who walks the walk and sneaks ahead with a sudden fourth purchase,
a pair of dog book ends that cost £22.73.
They're probably made of beech. That's the soft timber that's very easy to carve.
Date wise, 1920s, 1930s. Nothing more than that.
At home, they're very saleable because there are dog lovers in France,
but there are dog lovers back home.
Well, let's hope so, Jonty. As The Hitman pushes ahead,
Catherine has jumped off the catwalk and come straight to a standstill.
Everything I'm picking up is broken.
Losing quite a lot of mother of pearl. Merci beaucoup.
Table croquet. It's not complete.
Good for decor.
Yeah, but it's been relined. Broken, recovered.
And, when you're struggling, what do you need?
There you are, a rose amongst everyone here in Paris.
How are you getting on?
I'd love to say that I'm doing brilliantly,
but I'm actually struggling. It's tough. It's tough.
I think, my problem is I'm enjoying myself in the market
and just being nice and slow and easy and enjoying the ambience.
I'm not really being productive.
But, just moments later, Cunning Catherine
navigates her way to a maritime marvel,
two sets of parallel rules from the 1940s.
The trader wants 60 euros for the rules.
So, in typical Catherine style, she offers him just 25.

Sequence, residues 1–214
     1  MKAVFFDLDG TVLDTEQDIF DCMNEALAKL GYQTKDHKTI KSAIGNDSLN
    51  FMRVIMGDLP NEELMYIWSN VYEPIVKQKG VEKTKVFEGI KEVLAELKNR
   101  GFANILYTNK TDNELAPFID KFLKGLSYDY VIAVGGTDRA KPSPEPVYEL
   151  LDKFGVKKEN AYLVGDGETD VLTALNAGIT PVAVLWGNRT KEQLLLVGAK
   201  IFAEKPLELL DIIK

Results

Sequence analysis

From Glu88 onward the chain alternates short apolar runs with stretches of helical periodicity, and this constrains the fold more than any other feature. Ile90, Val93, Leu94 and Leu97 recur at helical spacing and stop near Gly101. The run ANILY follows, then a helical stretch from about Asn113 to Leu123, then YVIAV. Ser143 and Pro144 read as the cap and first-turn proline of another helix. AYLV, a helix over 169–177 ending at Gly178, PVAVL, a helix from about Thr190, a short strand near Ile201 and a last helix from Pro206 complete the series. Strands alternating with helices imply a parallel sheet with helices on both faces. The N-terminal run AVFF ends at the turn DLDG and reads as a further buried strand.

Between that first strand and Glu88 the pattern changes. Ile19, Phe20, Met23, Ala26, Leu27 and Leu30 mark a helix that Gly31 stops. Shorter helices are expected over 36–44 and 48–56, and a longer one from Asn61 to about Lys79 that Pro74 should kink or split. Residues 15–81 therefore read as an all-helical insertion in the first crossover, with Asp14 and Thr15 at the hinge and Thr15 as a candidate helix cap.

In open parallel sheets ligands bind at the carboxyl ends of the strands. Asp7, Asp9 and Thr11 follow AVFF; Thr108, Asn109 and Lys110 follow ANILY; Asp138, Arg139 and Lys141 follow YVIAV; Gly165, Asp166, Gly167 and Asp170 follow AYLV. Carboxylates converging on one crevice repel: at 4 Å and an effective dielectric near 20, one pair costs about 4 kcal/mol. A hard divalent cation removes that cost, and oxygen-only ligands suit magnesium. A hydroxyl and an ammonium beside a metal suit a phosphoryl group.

-No, that's too much.
Too much. Can you come down a bit more?
It's so expensive.
A cheap price.
No, cos they're not very old.
-I mean, they're nice. They're sort of ebonised...
-Older than you.
Oh, a bit of French flattery, but will it work?
Honestly, these prices are incredible.
-This makes me cry.
-Oh, no! I don't want that.
Catherine can't give in without one final effort.
-40? Come on.
There you go.
And after all that, it's 45 euros, or £40.91.
Thank you. And I'm going to take these.
And they part friends.
He was not budging. That was really, really hard work.
I cannot negotiate with these Parisians.
They're so stuck on their price and they are not taking a penny less.
Despite the game being evenly split on four items each,
it's all getting a bit stressful for our lady in red.
But across the market, Jonty is looking more laid back than ever.